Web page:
This is the third installment of a series of articles published by Methow Valley resident Don Reddington which will explore the issues of living with Alzheimer’s disease. The articles were written in collaboration with Raligh Bowden, M.D., and Methow Valley News reporter Laurelle Walsh and originally published in theMethow Valley News.
I was concerned about an upcoming visit to our grandchildren in Colorado. I assumed our two daughters, Shawna and Becky, had told our grandchildren that Papa Don had a serious illness. I did not know what had been told and I wasn’t going to ask. I felt that I was responsible for giving our grandchildren an explanation of the changes in Papa Don’s life.
Before I left on the trip, I decided to approach Room One, the social services agency in Twisp. At the front desk, I approached Maureen and asked if she had any articles on explaining Alzheimer’s to children. The answer was “no,” but she felt that it was a good idea. She took the time to find several on the Internet. I was so thankful to Maureen.
Once we got on the airplane, I began writing a short but helpful article for my grandkids.
At the same time, I began this new chapter of Living with Alzheimer’s. I felt that other Papas and Grandmas with AD could benefit as well from reading “Explaining Alzheimer’s to Children.”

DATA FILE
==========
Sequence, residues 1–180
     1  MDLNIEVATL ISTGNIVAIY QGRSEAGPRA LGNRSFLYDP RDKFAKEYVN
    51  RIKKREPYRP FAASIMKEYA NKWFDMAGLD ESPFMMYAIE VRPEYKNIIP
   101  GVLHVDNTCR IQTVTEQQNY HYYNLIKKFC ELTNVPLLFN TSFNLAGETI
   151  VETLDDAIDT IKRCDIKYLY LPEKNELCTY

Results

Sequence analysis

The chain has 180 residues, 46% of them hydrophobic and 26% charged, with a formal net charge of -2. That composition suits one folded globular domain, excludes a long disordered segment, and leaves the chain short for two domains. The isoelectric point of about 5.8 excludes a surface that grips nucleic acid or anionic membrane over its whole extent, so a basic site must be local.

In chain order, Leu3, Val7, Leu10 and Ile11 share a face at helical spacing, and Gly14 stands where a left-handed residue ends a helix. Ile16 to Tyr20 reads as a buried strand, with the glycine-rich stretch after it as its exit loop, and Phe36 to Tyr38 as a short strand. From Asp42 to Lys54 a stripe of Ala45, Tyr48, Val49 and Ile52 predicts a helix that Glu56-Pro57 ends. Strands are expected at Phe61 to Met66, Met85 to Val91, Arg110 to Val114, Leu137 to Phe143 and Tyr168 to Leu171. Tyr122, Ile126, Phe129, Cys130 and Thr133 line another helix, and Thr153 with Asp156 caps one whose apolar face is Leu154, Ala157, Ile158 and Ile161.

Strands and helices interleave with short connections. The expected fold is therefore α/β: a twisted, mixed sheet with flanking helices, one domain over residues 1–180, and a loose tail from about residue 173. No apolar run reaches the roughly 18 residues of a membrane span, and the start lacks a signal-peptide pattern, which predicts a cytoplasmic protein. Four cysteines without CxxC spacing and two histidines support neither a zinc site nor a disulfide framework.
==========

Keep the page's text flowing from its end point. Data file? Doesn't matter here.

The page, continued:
My explanation of my change in life to our grandchildren follows:
“Papa Don is having a change of life that I want to share with you. I am having a problem with loss of memory. Thus, I want you to understand how this loss will change our relationship. We have shared many wonderful times together. As I age, my memory has aged as well. We will have a change in our relationship. For example, I may forget your name, or have problems talking to you; it might be that I don’t understand your questions or comments. I will still love you as much as the first day that I laid eyes on you! Therefore, I will need your help with remembering and thinking. I love you and want to continue to see you.
As days and years go by, I might get sicker over time. I promise that I or Grandma Ginger will explain those symptoms and how to handle them with Papa Don.
With love to you! God bless, Papa Don.
p.s. Please remember me in your prayers to God Our Father and Ann, my guardian angel, who are watching over me.”
Prior to meeting with the grandchildren, I had the parents of the two families review my presentation. One family has two boys, ages 5 to 9 and the other family has a girl, 14, and four boys, ages 2 to 12. The children were great! There were questions but they seemed to have received enough information. The best result was grandchildren that were very caring to Papa Don and tried to help in any way possible. It was a great experience for all of us. They will always be in my memories! I may forget their names but I will always remember my grandchildren: Trinity, Jadon, Gabriel, Silas and Marcus Scarpella; and Tieg and Skogan Wachter.
Our thoughts are with you,
Don Reddington and Jerry Bristol – AD League